Parr first depicts his death, which wasn’t fully explained at the time, as ‘just chance … the sum of everyday movements that brought his body to collide with the trajectory of the shell’; and then a second time, in unflinching physical detail. These passages have a great emotional charge, which lingers for the rest of the book as Parr explores the consequences of the war for veterans and the bereaved.

Gareth Jones was 17, and was alone in the family house, revising for his A-levels. His 19-year-old brother was a private with 3 Para … ‘I saw a black Vauxhall Chevette pull up outside, with a military number plate … I thought … no. No, no, no.’ The doorbell rang. Gareth opened the door and a tall man stood there. Gareth explained that his parents were both out and would not be back until late … The man said he would wait in the car … There was nothing Gareth could do. ‘I went and sat in the chair and looked at the telly.’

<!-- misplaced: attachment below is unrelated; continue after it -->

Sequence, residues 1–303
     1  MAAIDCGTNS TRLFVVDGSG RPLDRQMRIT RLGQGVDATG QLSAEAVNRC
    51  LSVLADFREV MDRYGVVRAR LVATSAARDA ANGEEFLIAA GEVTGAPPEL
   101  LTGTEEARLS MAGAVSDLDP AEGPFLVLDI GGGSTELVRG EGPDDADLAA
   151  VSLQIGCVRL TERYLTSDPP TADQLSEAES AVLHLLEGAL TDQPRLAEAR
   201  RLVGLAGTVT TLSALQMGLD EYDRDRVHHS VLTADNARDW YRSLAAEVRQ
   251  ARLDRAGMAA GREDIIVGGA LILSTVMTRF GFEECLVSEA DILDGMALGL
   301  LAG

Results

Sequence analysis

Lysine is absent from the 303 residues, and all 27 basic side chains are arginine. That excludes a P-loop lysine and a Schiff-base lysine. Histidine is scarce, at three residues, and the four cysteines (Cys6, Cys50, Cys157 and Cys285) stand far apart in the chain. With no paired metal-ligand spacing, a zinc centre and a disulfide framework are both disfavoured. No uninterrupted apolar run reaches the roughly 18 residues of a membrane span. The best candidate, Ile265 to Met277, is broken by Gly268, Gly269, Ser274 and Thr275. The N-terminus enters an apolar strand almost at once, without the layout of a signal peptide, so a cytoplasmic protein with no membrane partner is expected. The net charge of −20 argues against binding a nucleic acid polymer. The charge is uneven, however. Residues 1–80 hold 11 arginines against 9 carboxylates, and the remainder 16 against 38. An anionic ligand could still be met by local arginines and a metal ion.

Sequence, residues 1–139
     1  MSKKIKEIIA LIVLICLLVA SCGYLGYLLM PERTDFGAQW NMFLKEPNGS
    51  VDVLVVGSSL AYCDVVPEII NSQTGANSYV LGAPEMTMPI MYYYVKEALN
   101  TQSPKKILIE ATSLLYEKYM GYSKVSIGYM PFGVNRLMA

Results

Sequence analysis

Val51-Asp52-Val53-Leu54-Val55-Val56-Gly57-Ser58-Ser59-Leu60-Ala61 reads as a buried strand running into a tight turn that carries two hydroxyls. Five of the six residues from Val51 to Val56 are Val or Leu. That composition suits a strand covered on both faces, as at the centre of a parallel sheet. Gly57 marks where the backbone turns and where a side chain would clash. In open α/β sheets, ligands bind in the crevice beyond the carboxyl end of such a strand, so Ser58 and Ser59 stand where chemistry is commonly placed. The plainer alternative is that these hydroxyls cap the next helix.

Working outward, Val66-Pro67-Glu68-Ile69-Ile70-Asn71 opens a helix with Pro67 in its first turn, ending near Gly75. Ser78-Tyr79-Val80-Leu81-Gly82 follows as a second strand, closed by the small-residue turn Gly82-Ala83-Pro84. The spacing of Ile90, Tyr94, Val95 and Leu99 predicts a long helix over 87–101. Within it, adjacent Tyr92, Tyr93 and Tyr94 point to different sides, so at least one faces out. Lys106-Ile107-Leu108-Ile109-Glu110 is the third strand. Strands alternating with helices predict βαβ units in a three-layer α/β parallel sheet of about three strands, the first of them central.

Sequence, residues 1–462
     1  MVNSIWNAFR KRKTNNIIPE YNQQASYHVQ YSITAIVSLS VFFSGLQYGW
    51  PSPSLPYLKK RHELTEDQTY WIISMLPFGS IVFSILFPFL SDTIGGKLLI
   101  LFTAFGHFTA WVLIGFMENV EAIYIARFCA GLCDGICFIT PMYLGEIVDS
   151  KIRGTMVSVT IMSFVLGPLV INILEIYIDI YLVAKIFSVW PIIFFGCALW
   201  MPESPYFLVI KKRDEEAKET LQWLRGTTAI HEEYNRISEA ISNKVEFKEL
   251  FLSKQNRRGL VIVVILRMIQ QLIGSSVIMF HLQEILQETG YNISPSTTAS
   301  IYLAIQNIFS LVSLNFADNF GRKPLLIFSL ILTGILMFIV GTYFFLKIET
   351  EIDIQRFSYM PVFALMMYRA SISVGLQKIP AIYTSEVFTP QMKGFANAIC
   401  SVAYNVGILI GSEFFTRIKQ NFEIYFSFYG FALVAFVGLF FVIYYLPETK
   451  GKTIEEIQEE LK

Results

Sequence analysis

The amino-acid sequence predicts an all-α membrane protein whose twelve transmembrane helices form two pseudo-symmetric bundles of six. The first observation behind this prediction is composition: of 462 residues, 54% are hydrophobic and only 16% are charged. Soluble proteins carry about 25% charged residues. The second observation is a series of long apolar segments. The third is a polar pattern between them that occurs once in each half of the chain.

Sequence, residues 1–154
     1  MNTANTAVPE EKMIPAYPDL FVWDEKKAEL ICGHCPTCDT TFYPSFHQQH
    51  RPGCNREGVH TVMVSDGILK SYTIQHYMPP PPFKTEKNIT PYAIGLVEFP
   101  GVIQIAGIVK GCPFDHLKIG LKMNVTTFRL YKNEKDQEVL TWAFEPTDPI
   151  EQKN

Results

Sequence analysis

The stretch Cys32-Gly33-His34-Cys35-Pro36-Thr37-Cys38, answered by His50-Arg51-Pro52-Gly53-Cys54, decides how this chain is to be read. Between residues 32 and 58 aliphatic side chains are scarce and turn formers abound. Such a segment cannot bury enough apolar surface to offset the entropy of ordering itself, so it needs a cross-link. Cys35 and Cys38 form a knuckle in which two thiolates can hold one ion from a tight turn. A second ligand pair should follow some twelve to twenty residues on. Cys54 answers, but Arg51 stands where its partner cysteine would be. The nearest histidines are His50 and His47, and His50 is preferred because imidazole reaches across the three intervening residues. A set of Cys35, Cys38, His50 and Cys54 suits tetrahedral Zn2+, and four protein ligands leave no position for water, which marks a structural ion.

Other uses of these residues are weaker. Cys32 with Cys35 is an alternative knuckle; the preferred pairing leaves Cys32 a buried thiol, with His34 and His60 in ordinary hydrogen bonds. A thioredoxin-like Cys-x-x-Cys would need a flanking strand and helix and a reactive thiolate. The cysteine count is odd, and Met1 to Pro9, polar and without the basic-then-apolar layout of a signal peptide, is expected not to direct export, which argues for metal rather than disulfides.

Some of the soldiers who came back from the war found they couldn’t settle at home, and left again within days. They converged spontaneously on the Yorkshire moors and camped out together for days, using their gear from the war, and talked and thought. In America, post-traumatic stress disorder had already been accepted as a problem for military veterans, after the Vietnam War. But in Britain in 1982, the Parachute Regiment still saw what it called ‘battle shock’ as ‘a temporary condition that could be alleviated by a cup of tea … and a soothing word’. In 1993, a psychological survey of Paras who had served in the Falklands found that a third of respondents had severe PTSD. In 1997, on the 15th anniversary of the war, the regiment ‘spoke openly for the first time about the emotional scars of combat’.